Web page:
A rose to ... the scores and good neighbors and friends who stood by each other during the July 8-12 rainstorm and flood. The people of Gibbon merit special commendations. They fought through the flood of March 14, rebuilt their town and saw it flooded a second time last week. Courageously, they are hanging together and again putting the pieces back together.
Kearney’s flood presents its own set of challenges, in particular for one of our community’s major industries — tourism.
Kearney’s hotel and motel district was in the path of the flood, and now only 600 of Kearney's 1,800 hotel rooms are usable. The rest are undergoing repairs for flood damage, along with the lobbies, kitchens, laundries and other functions necessary to lodge and care for guests.
Earlier this week the Nebraska Emergency Management Agency reported that the American Red Cross estimated there were 98 homes destroyed and seriously damaged in the flood, but on Wednesday as hundreds of people packed The Salvation Army Headquarters to learn about assistance to aid their recovery, it was reported that damaged and destroyed homes number almost 400. If that is so, those residents and business operators will need their friends and families more than ever.
A rose to ... former Kearney High School and Nebraska Cornhuskers player Brett Maher, who traveled to Kearney from Dallas to help with flood relief through a pair of public appearances on Wednesday called “Kickin’ It With Brett.” Maher now is the kicker for the Dallas Cowboys and endeared himself with Cowboys fans when he kicked a game-winning 62-yard field goal last season.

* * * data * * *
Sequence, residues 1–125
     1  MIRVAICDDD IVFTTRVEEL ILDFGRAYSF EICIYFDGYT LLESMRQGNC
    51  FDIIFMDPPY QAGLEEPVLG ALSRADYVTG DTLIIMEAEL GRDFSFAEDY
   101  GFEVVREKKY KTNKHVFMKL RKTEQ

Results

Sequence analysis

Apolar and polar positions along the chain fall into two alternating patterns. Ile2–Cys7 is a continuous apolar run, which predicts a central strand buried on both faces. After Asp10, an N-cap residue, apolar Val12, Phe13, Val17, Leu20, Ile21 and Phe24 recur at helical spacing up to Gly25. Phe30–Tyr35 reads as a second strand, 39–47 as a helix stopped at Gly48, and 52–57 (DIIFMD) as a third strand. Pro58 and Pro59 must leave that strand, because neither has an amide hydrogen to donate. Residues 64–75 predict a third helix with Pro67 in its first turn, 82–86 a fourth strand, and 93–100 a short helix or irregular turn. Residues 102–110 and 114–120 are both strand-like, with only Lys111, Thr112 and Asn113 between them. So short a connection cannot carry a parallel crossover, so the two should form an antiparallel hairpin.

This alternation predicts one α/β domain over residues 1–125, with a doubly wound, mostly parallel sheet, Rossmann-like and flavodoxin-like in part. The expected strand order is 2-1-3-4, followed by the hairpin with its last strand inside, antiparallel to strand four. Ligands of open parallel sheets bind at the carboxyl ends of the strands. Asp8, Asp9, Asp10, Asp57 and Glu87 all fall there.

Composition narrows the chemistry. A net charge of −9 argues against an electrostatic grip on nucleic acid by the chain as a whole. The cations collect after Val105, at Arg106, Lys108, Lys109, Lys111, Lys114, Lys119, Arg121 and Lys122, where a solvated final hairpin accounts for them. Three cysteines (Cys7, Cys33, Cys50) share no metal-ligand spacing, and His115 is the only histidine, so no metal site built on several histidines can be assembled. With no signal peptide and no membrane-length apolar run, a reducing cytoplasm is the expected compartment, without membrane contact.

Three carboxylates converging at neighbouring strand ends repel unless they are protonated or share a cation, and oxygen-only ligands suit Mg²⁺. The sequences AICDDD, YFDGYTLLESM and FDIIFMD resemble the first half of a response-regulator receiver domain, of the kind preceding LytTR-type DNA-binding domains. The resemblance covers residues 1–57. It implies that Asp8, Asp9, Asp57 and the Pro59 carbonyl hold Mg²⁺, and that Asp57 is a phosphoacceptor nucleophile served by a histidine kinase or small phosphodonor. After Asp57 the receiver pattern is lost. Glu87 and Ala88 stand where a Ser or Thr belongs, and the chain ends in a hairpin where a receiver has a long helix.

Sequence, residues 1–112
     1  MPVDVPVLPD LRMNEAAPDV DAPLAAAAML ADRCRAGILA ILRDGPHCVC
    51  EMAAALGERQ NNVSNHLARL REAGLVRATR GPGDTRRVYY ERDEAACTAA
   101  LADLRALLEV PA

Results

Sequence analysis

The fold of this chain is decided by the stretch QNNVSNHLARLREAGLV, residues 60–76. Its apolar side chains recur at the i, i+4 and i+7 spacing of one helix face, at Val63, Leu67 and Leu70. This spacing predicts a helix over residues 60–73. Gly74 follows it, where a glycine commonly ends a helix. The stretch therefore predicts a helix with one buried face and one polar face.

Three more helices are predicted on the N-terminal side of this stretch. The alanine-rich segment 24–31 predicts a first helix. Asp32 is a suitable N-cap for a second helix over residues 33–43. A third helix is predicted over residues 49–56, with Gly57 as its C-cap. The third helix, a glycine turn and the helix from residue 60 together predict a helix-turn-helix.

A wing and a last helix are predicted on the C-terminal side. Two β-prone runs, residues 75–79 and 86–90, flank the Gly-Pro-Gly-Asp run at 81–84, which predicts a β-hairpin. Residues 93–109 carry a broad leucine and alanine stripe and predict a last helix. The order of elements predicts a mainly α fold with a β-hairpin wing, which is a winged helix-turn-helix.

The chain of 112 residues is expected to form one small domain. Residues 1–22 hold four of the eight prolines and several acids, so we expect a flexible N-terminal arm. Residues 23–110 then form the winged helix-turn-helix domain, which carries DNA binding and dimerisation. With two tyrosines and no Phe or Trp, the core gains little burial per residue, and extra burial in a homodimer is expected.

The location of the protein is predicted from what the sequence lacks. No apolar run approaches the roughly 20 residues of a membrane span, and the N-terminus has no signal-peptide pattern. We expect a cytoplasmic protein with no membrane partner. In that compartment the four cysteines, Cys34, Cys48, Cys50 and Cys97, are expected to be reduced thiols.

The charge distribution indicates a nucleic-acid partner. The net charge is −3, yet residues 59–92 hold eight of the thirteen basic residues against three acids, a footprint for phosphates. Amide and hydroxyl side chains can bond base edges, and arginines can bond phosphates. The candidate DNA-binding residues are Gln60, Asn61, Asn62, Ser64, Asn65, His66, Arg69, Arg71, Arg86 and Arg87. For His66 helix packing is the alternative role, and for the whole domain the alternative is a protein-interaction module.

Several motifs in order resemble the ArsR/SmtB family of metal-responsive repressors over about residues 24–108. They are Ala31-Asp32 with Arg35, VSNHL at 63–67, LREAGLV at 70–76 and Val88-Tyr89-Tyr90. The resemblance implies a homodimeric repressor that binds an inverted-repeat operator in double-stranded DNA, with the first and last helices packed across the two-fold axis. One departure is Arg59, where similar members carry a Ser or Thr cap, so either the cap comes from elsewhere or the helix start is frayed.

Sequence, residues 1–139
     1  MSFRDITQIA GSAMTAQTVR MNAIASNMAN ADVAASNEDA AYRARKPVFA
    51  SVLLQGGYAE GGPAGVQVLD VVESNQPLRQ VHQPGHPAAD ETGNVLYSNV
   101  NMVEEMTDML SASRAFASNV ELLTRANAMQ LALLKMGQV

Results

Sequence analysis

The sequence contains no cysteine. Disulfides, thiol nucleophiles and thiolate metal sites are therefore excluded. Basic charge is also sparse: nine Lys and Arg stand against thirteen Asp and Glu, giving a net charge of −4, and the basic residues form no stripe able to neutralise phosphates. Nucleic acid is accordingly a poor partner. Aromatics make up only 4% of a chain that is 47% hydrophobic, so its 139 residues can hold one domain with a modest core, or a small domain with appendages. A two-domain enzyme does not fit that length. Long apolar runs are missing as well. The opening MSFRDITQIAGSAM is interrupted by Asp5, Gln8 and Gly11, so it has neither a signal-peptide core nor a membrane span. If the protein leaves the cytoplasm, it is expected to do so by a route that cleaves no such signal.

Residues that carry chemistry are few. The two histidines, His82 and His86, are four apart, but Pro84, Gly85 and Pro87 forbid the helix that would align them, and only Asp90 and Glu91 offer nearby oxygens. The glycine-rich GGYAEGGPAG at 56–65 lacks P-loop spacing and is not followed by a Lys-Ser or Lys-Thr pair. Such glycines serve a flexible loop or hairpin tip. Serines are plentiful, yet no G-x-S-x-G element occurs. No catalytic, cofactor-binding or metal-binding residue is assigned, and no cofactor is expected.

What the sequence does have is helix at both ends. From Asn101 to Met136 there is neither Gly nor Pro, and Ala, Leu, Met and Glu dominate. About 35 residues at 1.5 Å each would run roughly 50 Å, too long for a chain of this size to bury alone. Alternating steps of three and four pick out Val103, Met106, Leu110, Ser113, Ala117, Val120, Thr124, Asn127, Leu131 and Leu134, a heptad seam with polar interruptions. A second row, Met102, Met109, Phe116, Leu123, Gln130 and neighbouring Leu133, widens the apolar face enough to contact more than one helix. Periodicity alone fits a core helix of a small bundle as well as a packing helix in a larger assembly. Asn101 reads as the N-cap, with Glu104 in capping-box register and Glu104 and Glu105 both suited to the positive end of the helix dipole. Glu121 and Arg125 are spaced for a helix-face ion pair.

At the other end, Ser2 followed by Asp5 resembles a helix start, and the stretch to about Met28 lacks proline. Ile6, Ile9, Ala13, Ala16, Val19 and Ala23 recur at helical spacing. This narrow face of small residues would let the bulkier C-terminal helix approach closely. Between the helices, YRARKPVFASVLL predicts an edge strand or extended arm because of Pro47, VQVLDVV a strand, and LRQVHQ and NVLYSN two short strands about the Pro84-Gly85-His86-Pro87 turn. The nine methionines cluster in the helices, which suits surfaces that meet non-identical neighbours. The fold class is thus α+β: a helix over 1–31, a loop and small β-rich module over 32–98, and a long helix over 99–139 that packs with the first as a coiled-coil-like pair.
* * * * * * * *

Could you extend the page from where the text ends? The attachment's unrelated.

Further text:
There were no kicking demonstrations during Maher’s Kearney appearances, but that’s OK. Whenever a former resident returns to help during a crisis, it’s a shot in the arm for all who are working hard to recover. Thanks, Brett, for helping your friends in Kearney.
A raspberry to ... the latent effects of loss, fear, stress and exhaustion. In the weeks and months ahead, many of the people affected by last week’s disaster could be experiencing mental and emotional pains. Fortunately, help isn’t far away. In fact, help will come as a knock on the door when a platoon of mental health professionals makes the rounds in the weeks ahead.
Trained mental health professionals will be knocking on every door in every community from Elm Creek to Kearney to Gibbon to be sure mental health needs are being met after the flood.
That’s according to Region 3 Behavioral Health’s Caleb Davis, disaster behavior health coordinator.
Currently seven professionals have been hired and trained to make home visits. Davis plans to hire at least four more.
He said that, as with any loss, stress and grief could rise as immediate, massive flood relief efforts taper off and life resumes ordinary patterns.